Multilevel Models

  • Andrew S Fullerton
  • Michael Wallace
  • Michael J Stern
Part of the Handbooks of Sociology and Social Research book series (HSSR)

Scholars who study political processes often must consider how these processes are embedded within sociopolitical contexts determined by geographical units, organizations, or other higher-level units. Often, this is reflected in the development of multilevel data sets that permit these scholars to analyze social processes that operate across different levels of analysis. Increasingly, the focus of study in such research is on contextual or cross-level variables as opposed to variables at lower levels of analysis (Blalock 1984). For instance, scholars interested in determinants of voting for Democratic or Republican presidential candidates will certainly consider individual-level characteristics of voters such as age, race, gender, education, income, and political ideology. But they might also want to understand how characteristics of electoral districts, such as the unemployment rate, racial composition, percent of workers belonging to labor unions, the length of political incumbency of Democratic or Republican Congressional representatives, or the number of campaign appearances by the candidates shape electoral outcomes.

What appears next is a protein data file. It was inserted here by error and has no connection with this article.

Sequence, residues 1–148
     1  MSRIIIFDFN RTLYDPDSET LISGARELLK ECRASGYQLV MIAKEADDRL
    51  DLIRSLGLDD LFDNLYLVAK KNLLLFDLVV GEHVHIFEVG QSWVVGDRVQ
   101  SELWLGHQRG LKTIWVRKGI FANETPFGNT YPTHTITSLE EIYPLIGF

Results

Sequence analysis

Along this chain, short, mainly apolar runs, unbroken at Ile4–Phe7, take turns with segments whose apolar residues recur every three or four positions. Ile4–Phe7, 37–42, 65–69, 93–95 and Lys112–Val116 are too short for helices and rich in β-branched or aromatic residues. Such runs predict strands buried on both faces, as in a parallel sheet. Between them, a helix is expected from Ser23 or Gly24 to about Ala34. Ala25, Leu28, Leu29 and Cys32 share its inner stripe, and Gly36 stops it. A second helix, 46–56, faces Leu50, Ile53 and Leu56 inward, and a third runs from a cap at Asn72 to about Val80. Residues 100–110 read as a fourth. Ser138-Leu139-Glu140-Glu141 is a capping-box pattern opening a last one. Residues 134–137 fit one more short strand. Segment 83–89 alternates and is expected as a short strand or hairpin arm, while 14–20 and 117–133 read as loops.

Ordinary Little Square Hierarchical Linear Modeling Voter Turnout Growth Curve Model World Value Survey 
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Copyright information

© Springer Science+Business Media, LLC 2010

Authors and Affiliations

  • Andrew S Fullerton
    • 1
  • Michael Wallace
    • 2
  • Michael J Stern
    • 3
  1. 1.Department of SociologyOklahoma State UniversityStillwaterUSA
  2. 2.Department of SociologyUniversity of ConnecticutStorrsUSA
  3. 3.Department of Sociology and AnthropologyCollege of CharlestonCharlestonUSA

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